The Arrogance of PC
Regular readers may know that I have a love/hate relationship with Oprah Winfrey. I usually keep at it because the entire Oprah world is intriguing to me. Anyone who utters even one critical word about Winfrey is usually treated to a litany of defenses, ranging from her charity to outright personal attacks on the author. And for some things, it's usually not worth it, although her accusing the Hermes store on the Champs d'Elysee of racism came close for me (Oprah dear, they probably weren't turning you away because you are black, but because you're an American. But how reassuring it is for Red America to now know you can stroll the Champs d'Elysee without running into racism!). But it was Friday's show that put me over the edge. It wasn't because it was outrageous, but rather one little item in one little segment that just highlighted the casual arrogance of not only Winfrey, but the entire racial dialogue.
The show was aired on November 4 and was titled "Oprah's Pros Reveal Their Secrets." The part I caught was a frankly gratuitous bit about how she got her guest house redecorated and we were all treated to the Life of Oprah's Guest in all of its glory. But one part really irked me. They were going through the living room (the picture is after the jump) and there was a painting by Eugene A. Montgomery over the fireplace. It was of a woman with a mandolin, titled curiously enough "Woman with Mandolin." Winfrey made a point of mentioning the "paintings of African-American women."
Oh, the casual arrogance this highlights. First, how do we know the woman in the painting is even American? This reminds me of the whole Vonetta Flowers incident.* And how do we know she comes from Africa? I mean, is it because she's black that we can assume that, as if no black people come from, say, Detroit? But if the argument is that even if she's a mandolin player from Detroit (something which would guarantee her ass-kicking, I'd think) that we can trace her ancestry back to Africa, doesn't that mean we all are African-American? I mean, I thought current anthropological theories put the cradle of Humanity in Africa, meaning we all come from there. But if that's the case, then the term "African-American" is meaningless because it describes everyone (well, every American, that is).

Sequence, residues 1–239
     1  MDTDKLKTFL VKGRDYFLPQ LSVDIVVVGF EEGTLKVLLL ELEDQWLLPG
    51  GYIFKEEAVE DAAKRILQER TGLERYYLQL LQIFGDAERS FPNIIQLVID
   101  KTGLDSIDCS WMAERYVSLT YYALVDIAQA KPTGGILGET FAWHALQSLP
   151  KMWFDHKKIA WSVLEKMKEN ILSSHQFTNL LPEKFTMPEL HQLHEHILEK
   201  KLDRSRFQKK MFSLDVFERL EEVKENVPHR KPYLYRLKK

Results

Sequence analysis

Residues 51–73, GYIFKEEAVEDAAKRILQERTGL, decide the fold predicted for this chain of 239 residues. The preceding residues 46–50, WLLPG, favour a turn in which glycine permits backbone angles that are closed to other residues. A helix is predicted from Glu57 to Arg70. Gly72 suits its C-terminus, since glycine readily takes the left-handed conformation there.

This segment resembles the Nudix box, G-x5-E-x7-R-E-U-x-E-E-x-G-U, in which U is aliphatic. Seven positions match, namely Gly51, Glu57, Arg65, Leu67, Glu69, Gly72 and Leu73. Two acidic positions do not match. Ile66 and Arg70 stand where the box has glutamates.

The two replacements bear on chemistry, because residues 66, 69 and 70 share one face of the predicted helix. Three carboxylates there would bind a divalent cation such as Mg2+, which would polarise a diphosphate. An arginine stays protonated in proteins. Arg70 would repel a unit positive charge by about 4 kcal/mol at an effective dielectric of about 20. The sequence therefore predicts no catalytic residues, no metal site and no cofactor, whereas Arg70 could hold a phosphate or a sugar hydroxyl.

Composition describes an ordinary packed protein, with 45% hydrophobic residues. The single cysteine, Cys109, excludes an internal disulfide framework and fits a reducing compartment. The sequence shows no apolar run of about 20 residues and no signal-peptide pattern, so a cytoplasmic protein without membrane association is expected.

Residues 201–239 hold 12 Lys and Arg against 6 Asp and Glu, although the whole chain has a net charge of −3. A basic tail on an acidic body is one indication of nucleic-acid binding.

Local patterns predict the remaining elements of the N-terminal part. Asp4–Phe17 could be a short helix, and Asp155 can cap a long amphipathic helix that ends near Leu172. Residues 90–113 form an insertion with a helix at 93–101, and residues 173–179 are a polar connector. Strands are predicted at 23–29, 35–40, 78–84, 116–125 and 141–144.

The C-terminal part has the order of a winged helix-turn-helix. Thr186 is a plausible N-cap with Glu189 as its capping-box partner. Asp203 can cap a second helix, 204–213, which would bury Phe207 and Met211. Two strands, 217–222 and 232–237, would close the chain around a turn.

But aside from the PC label, isn't it a little strange that the first thing Oprah Winfrey mentions about the art piece, indeed the entire way she chooses to describe it, is centered around the skin color of the subject? I thought there was a word for people who chose to use skin color as a defining characteristic, and that word was "racist." Indeed, not even the artist has the skin color of the woman mentioned in his title...it's simply "Woman with Mandolin." So is it there because it's a painting of a black woman? What if it was a white woman, but the rest of the imagery remained the same. Would it still be there? And imagine if we were doing a tour of President Bush's ranch and he pointed out the paintings of the white women...would that not be cause for an uproar, possibly led by Winfrey herself?
And hence my ire. When we start getting into racial labels like this, at what point do they start doing more harm than good? And isn't there just a hint of the double standard in it?
But it's OK. Oprah Winfrey is very charitable!
*Vonetta Flowers was the first black athlete to win a gold medal in the Winter Olympics. However, NBC reported her as the "first African-American to win a gold medal in the Winter Olympics." Funny, Flower's partner is rarely if ever mentioned. Anyway, the insistence on using the term "African-American" made people wonder if she was the first black American to win a gold medal or the first black athlete from any country. It wasn't until a day or two later that the Washington Post ran a story and clarified that she was the first black person ever to win a gold medal at the Winter Olympics. The Flowers story is a good example of journalistic accuracy and credit for one's achievements being sacrificed on the altar of political correctness.
Here is the guest living room of the egalitarian and humble Oprah Winfrey:
"Woman with Mandolin" is above the fireplace.
Posted by John Tant at November 7, 2005 11:44 AM
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|David's Daily Diversions linked with The Racist Left|
|# November 7th, 2005 12:00 PM BVBigBro|
|Taking on the Legion of Oprah again, I see. You were warned. |
|# November 7th, 2005 3:11 PM JohnTant|
|Yes, I'm critical of the High Priestess of the LOO.
Hey, did we just coin a new term? Hooray!
|# November 7th, 2005 3:15 PM BVBigBro|
|I'd say you were digging the hole deeper, but I suspect the LOO will go over the heads of most of its' members. |
|# November 8th, 2005 12:49 AM Daddy|
|Oprah's a skunk.
You go, John!